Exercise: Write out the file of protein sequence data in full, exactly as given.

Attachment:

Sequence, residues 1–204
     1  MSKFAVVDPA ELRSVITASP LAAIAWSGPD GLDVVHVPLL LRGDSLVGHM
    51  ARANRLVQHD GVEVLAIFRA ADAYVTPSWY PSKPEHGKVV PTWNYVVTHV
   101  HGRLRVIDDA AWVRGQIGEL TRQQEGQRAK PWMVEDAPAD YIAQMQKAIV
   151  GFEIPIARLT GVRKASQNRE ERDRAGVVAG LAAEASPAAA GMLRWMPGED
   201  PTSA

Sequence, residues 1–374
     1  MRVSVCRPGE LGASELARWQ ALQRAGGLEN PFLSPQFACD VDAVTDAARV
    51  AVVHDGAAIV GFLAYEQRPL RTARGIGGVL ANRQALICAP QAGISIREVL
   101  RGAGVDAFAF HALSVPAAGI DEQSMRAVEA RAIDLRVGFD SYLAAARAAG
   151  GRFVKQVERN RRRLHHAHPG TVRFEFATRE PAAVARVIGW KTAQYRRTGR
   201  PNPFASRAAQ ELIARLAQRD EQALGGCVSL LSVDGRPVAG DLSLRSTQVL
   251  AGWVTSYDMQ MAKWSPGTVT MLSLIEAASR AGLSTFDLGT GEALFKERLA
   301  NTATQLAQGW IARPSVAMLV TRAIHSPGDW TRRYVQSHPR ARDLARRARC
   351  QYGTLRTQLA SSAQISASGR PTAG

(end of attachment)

Sequence, residues 1–204
     1  MSKFAVVDPA ELRSVITASP LAAIAWSGPD GLDVVHVPLL LRGDSLVGHM
    51  ARANRLVQHD GVEVLAIFRA ADAYVTPSWY PSKPEHGKVV PTWNYVVTHV
   101  HGRLRVIDDA AWVRGQIGEL TRQQEGQRAK PWMVEDAPAD YIAQMQKAIV
   151  GFEIPIARLT GVRKASQNRE ERDRAGVVAG LAAEASPAAA GMLRWMPGED
   201  PTSA

Sequence, residues 1–374
     1  MRVSVCRPGE LGASELARWQ ALQRAGGLEN PFLSPQFACD VDAVTDAARV
    51  AVVHDGAAIV GFLAYEQRPL RTARGIGGVL ANRQALICAP QAGISIREVL
   101  RGAGVDAFAF HALSVPAAGI DEQSMRAVEA RAIDLRVGFD SYLAAARAAG
   151  GRFVKQVERN RRRLHHAHPG TVRFEFATRE PAAVARVIGW KTAQYRRTGR
   201  PNPFASRAAQ ELIARLAQRD EQALGGCVSL LSVDGRPVAG DLSLRSTQVL
   251  AGWVTSYDMQ MAKWSPGTVT MLSLIEAASR AGLSTFDLGT GEALFKERLA
   301  NTATQLAQGW IARPSVAMLV TRAIHSPGDW TRRYVQSHPR ARDLARRARC
   351  QYGTLRTQLA SSAQISASGR PTAG